The nobel prize in medicine announcement was made and the trio of winners (Satoshi Omura, William Campbell, and Youyou Tu) had done natural product isolation work – one was Youyou Tu, the Chinese woman who discovered artemisinin (half of the prize)! An exciting win for natural product research!
Archive for the ‘Random’ Category
Posted by naturalproductman on October 5, 2015
Posted by naturalproductman on August 12, 2015
Here’s an interesting Science article with a scary thought: about how academic training is starting to lean towards training students into specialists. I think this leads to under appreciation of science as a whole or “tunnel vision”.
Posted by naturalproductman on July 10, 2015
There’s so much talk out there about how total synthesis is a dying field, and I guess I kind of understand the point. However, I was curious about this so I did a title search of journal articles on pubmed to see what this trend looks like. It seems that since 2005 with 408 articles published, the number of journal articles with the words “total synthesis” in the title shot up from 350 in 2004, and in 1999 there were 120 articles – a jump from 66 articles in 1998. So about the “dying field” statement, I don’t know if it’s just propaganda or if it is indeed a true statement – the numbers seem to indicate that people are still doing research in the field. From a synthetic chemist’s perspective, I feel that we are only limited by our own creativity (and funding).
* *So maybe the proper statement should be that the popularity of total synthesis was exponentially growing since the 1990s but now the number is just maxing out at about 500 “total synthesis” articles published per year with no decline in interest. I am correlating interest in total synthesis with the number of published “total synthesis” articles.
(Below is graph: number of journal articles vs. year up to July 2015)
***It didn’t occur to me that a similar plot has been done but with JACS papers only.
|pubmed – total synthesis[Title/Abstract]|
**I decided to do a similar plot but by searching in Scifinder to see if I get any different numbers, and just like in the pubmed search, the numbers shoot up from the 1990s.
Scifinder results (list form):
|Sample Analysis – Publication Year||Jul 11, 2015|
|Selected terms of 91||Sorted by Year|
Posted by naturalproductman on February 23, 2015
I thought this was an interesting article from C&E News regarding faculty retiring. It has comments from Albert Padwa and Edwin Vedejs, some powerhouses in organic chemistry research.
I know it must be a bitter feeling to have to stop doing research for ~50 years of your life, but I do agree that the younger generation needs to be accommodated in terms of funding and research space, because if an academic stays in his lab space for so long preventing a new generation to enter the university, then wouldn’t there be a gap for the next generation of scientists? It used to be normal for PhD scientists to start their labs at age 27, but now it’s becoming more common for people to have 8 year postdocs even or doing multiple postdocs (I guess this is more for biology too) and they will start their academic position at mid to late 30s. I wonder how the universities hiring new “young” faculty feel about hiring someone so old?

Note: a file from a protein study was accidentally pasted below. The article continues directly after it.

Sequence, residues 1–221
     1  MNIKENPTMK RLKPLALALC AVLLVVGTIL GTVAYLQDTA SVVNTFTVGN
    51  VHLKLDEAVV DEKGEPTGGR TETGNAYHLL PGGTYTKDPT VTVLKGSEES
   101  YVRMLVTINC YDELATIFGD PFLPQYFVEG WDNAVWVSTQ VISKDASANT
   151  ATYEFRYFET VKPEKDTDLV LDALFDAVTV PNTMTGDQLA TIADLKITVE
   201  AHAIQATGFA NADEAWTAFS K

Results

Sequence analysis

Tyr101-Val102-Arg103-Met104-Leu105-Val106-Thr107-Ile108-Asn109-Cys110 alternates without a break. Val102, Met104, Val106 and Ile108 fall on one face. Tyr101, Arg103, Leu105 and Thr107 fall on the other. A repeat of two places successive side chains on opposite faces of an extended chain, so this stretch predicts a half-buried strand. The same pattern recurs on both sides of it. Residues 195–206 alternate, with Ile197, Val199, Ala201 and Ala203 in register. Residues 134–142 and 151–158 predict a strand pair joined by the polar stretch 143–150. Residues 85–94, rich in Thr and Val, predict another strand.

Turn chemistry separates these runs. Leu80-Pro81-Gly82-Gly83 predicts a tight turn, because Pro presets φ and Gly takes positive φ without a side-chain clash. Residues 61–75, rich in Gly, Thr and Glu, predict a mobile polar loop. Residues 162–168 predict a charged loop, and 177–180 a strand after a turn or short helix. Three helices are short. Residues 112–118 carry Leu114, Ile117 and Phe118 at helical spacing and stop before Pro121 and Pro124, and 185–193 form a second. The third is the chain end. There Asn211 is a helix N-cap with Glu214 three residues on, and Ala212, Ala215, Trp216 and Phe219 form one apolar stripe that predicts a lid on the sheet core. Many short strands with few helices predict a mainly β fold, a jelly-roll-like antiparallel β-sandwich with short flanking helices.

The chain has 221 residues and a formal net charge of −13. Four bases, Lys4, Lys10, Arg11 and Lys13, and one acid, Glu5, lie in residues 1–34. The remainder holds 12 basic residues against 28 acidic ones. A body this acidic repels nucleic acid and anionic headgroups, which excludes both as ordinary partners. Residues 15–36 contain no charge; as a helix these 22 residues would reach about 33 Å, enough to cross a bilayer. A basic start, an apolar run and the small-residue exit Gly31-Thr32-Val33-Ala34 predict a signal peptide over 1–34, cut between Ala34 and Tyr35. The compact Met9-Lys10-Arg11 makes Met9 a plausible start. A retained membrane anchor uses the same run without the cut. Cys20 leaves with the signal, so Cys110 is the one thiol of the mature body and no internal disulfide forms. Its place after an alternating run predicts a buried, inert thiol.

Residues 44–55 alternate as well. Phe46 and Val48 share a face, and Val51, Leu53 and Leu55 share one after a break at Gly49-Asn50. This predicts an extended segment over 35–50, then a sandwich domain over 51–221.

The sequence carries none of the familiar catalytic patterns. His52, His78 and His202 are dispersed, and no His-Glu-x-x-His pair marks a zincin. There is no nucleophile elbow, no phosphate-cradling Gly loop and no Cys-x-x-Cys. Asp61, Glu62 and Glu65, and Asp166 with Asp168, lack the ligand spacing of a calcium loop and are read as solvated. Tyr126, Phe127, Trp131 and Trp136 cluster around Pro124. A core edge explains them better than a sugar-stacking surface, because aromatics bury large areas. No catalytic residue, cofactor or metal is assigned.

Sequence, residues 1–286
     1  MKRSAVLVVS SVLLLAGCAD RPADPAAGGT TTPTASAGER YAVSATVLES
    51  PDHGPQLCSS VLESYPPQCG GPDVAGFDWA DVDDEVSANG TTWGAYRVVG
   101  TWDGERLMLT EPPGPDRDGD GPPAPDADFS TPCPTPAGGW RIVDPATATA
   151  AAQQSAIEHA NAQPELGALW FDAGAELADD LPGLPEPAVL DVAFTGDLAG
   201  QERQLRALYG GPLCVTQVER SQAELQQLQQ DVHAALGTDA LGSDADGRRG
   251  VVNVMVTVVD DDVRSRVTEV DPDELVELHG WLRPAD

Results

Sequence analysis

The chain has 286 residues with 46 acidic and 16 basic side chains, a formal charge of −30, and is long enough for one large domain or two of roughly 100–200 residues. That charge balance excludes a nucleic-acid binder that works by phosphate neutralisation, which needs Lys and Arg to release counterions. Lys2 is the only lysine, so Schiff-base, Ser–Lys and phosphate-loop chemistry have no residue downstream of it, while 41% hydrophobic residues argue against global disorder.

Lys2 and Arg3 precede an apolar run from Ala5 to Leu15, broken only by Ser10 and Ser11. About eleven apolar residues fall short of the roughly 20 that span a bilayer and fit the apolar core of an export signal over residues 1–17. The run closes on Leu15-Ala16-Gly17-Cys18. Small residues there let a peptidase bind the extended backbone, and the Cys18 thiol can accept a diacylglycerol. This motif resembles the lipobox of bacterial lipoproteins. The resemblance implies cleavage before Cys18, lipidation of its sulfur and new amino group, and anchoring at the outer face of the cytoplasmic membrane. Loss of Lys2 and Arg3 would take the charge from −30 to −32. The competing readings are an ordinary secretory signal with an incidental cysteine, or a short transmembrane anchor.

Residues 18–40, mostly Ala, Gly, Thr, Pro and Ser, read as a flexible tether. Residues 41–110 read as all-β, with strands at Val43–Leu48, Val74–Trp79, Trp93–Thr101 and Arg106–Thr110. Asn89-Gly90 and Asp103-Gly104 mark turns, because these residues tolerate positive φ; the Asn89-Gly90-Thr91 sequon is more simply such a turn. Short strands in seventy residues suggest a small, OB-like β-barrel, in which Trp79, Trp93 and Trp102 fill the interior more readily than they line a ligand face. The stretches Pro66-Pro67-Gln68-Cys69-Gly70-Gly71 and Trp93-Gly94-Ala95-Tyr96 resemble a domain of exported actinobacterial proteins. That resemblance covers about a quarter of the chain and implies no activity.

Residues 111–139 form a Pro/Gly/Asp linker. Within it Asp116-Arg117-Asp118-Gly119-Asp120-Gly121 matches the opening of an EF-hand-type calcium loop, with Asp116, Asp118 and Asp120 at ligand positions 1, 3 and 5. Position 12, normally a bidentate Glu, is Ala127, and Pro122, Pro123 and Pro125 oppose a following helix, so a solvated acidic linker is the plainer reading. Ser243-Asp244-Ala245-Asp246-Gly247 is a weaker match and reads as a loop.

Posted by naturalproductman on December 15, 2014
C&E News had an interesting article on the scents of the season.
Posted by naturalproductman on December 10, 2014
I just thought I’d point some difference in responses between two recent retractions in Science vs. Nature.
There were two Nature papers recently retracted on stem cells from a group in RIKEN and it was all over the news in Japan.
On the other hand there was a Science paper recently retracted on a retro-“click” reaction reported by a group at the University of Texas, which was covered in C&E News.
Because I have been in both countries during the time these retractions occurred, I just thought I’d point out an interesting difference in response by the media (news coverage).
I remember being in Japan around January 2014 and turning on the news on the television and seeing a woman with a face full of tears at a press conference on almost every channel they showed the news. I wondered what it was about, and it was something about making mature cells into stem cells by treating them with acid. It was a big deal and a topic of discussion in probably every news show as well as of course your science news and blogs on the internet.
Meanwhile in the US, I don’t recall as much of the time when I heard about the Science retraction (looking back, it was around June 2014) but I remember seeing C&E News and other blogs (retractionwatch, pipeline corante) about the retraction in the US lab. The article was about reversing the click reaction (azide and alkyne coupling to make a triazole, and the paper was about doing the reverse reaction). I don’t think I have to be a science expert but it wasn’t as much of a big deal in the media – although still a serious debate about falsifying data and getting it published. I don’t remember seeing this story on the television.